Candidates silent to GLBT issues

Obama and Clinton failed to address GLBT discrimination at religious universities.

On Sunday, Sens. Barack Obama and Hillary Clinton traveled to Messiah College in Pennsylvania to speak at an event aired by CNN called “The Compassion Forum.” Unfortunately, the senators failed at their chance to discuss Messiah College’s less than compassionate discriminatory policies toward gay, lesbian, bisexual and transgender students. Messiah is one of a hundred universities that discriminate against the GLBT community. It is disappointing that the senators did not address these policies that breed intolerance and misunderstanding.

Campuses across the nation from Pepperdine to Wheaton still discriminate against GLBT students. These students have been kept from coming out and even face disciplinary penalties for acknowledging their sexuality. Penalties range from suspension and even exile from the university. Professors at such universities are sometimes forced to sign agreements and waivers proving they don’t promote the reconciliation of faith and homosexuality.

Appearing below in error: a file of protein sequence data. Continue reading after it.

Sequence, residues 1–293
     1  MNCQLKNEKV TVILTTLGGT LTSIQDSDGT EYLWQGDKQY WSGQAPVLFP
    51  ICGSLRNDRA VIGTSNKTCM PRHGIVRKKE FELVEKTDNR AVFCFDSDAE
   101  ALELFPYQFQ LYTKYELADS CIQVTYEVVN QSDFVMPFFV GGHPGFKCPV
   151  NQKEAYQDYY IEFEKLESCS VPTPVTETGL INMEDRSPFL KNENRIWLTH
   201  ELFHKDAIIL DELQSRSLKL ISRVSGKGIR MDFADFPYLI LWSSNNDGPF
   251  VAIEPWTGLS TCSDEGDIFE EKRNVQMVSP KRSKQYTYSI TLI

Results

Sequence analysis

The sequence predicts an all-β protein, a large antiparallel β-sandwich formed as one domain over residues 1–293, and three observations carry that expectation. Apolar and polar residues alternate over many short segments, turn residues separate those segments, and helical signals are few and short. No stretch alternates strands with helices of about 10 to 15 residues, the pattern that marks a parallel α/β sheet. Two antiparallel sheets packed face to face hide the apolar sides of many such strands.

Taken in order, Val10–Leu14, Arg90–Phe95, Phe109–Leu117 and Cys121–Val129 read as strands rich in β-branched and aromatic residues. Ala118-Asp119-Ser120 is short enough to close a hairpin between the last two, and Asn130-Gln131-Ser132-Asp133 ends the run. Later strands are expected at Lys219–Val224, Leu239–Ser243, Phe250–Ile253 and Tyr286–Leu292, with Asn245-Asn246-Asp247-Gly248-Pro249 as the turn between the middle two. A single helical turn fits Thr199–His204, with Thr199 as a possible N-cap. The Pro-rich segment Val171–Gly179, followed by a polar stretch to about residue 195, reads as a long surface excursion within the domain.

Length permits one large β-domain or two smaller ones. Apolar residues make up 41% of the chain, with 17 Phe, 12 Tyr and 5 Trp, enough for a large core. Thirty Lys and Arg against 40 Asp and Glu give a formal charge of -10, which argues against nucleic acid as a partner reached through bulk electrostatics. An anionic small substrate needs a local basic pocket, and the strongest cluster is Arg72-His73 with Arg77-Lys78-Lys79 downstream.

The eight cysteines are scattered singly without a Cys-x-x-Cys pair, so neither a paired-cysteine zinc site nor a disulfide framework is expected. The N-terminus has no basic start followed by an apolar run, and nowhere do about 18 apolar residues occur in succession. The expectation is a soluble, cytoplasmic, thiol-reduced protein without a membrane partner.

Religious universities are a place for students to continue their studies in faith, but discriminating against those who want to find common ground between their faith and sexuality only promotes religious bigotry. Religion and theology, like every area of academic study, are multifaceted subjects. To accept one dominating ideology of homosexuality limits students and professors from gaining a complete perspective of religion’s connection to modern society.

Both senators preach the politics of unity and hope. They’ve rallied the nation under the belief that our nation can only be its greatest when its citizens come together – regardless of religion, race or creed. Speaking out against fear and division is a good political platform, so the senators’ choice not to acknowledge the oppressive location of “The Compassion Forum” is disheartening. They could have used the opportunity to address the great divide between religion and homosexuality in our nation.

Addressing faith and politics is critical if the candidates want to unify our diverse country. Speaking about policies through the prism of faith adds an important dimension to their platforms. Both candidates missed the mark yesterday, letting down their GLBT brothers and sisters by choosing silence over controversy.